I am very similar to the OP, except I bailed halfway through the PhD, because I realized that, in academia, I will work 80 hours a week for $40k, or I can go into finance and work half that and make multiples more.
I can now donate/spend my money to causes like "curing cancer" or "making art" and let somebody who really wants to devote their life to that craft do so.
Some people think research or science is the only path to a better society but in all honesty it may just take paying people in a poor country to plant trees.
That said, research is seriously underfunded.
"When I was a little boy, I used to pray every night for a new bicycle. Then I realised, the Lord, in his wisdom, doesn't work that way. So I just stole one and asked Him to forgive me."
Sometimes to get what you want you have to sell out or otherwise find an unorthodox means to your desired end state.
The list is extremely partial. I'd be much happier seeing other contributions to it than sniping about significance.
Yet, every time finance work is mentioned, someone brings up "I can't believe you work in finance instead of curing cancer."
Guess what? I don't want to work on curing cancer. I used to. I went to school for biomedical engineering and wanted to work on big problems. I realized I would rather do as little work as possible (but still be challenged), and spend time with my family and friends. And I'll happily give money to people to cure this problems.
And those big problems that I wanted to work on before? Well, I'm sure there's somebody that really cares about that. The best way I can help is using my time in ways that I enjoy, and giving my money to those who will actually enjoy finding that cure.
A friend of mine almost died from some disease when she was in her teens. She survived, and is now a researcher for that specific field. She has a personal interest in that research, even if it means she might have to sacrifice other things. And she was also the one who convinced me to bail from the PhD program. She said "if you can imagine yourself doing anything else, do something else."
That's when I realized academic research is long, painful work, but you have to be excited for it. If I'm not excited, I should do something else, and then give money or help increase funding to make it less painful for those who still want to be there.
tl;dr - Go short on PhD salaries!
I was simply addressing the absurdity that our smartest minds are incentivized to go into finance rather than work on the most difficult and important problems in the world. The modern day Albert Einstein is probably working at a hedge fund. If we allocated humanity's resources differently, then we could be so much more technologically advanced.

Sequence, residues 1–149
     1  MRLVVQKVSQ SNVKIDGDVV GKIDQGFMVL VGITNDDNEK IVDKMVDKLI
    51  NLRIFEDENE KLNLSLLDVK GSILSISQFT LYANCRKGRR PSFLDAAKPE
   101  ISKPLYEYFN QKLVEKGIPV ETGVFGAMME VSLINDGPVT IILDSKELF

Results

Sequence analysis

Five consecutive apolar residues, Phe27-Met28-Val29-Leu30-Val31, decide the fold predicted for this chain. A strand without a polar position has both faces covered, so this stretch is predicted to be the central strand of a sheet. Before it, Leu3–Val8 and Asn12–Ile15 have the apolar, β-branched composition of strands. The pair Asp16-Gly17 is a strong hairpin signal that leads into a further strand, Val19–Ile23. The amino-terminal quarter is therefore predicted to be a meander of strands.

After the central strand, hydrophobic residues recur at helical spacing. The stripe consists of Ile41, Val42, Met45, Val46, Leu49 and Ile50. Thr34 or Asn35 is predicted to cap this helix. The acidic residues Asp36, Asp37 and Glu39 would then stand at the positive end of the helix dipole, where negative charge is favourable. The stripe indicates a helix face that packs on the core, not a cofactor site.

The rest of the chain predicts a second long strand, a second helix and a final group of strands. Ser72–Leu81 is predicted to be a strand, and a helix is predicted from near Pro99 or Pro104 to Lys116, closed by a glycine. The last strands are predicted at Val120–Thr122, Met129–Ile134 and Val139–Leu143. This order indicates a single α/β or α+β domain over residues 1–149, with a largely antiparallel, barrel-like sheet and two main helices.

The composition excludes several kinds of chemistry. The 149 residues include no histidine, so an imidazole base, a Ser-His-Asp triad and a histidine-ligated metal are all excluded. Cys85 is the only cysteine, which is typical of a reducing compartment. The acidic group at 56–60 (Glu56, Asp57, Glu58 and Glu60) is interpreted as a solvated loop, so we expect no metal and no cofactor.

This is a big problem in itself.
> make rich people richer
It is prop trading, so we are making ourselves richer, technically. We do a lot of charity work and donations with schools, etc.
> Doesn't it feel like a waste of your talents
Absolutely. However, I also like not having to beg my toddler to eat the food in front of him because payday is 10 days away, every credit card is maxed, and who knows how we will get to the grocery, which is what happened sometimes during my postdoc 3-7 years ago. Student loans were coming in at ~$1500/month when I'm making $2500/month. It was very difficult, and I was deeply depressed. When I finally landed that professor position, my workload got worse, and while there was a pay increase, I still wasn't going to be buying a house anytime soon. This was NOT an expensive area. We ended up living with my parents for a while (me, my wife, and 3 kids). The math just wasn't adding up, and there wasn't an end in sight. Adding in trouble getting grants, not wanting to restart the faculty job search, I started looking at industry. I applied at a few prop trading firms on whim, and mine ended up being a great fit.
I was pretty successful doing the actual research, but my particular niche (neuroscience+software methods and tools) isn't really funded by grants. I even got several rounds of good publicity for some of my PhD work, and did international interviews, etc. I was a very good scientist, but that doesn't cut it any more; new investigators are competing with established labs and members of the AAS who are submitting 30 grants per cycle. I was doing some very cool work with kids with epilepsy, which would greatly improve outcomes. I was a very valuable member of our collaboration; that research more or less came to a halt when I left, though I have been able to help out through consulting from time to time. So, what I did was in high demand and highly worthwhile, but there was a disconnect with getting the funding.